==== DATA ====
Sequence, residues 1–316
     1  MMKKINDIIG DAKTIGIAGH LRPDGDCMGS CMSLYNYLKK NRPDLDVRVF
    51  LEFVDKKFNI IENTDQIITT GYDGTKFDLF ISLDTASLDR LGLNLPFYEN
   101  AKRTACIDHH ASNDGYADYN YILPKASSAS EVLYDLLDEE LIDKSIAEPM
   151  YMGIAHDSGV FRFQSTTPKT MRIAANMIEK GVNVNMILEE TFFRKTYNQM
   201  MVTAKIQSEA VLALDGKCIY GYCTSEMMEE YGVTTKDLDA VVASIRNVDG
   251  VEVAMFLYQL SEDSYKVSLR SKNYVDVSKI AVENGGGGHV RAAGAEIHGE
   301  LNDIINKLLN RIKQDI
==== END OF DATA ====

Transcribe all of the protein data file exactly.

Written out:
Sequence, residues 1–316
     1  MMKKINDIIG DAKTIGIAGH LRPDGDCMGS CMSLYNYLKK NRPDLDVRVF
    51  LEFVDKKFNI IENTDQIITT GYDGTKFDLF ISLDTASLDR LGLNLPFYEN
   101  AKRTACIDHH ASNDGYADYN YILPKASSAS EVLYDLLDEE LIDKSIAEPM
   151  YMGIAHDSGV FRFQSTTPKT MRIAANMIEK GVNVNMILEE TFFRKTYNQM
   201  MVTAKIQSEA VLALDGKCIY GYCTSEMMEE YGVTTKDLDA VVASIRNVDG
   251  VEVAMFLYQL SEDSYKVSLR SKNYVDVSKI AVENGGGGHV RAAGAEIHGE
   301  LNDIINKLLN RIKQDI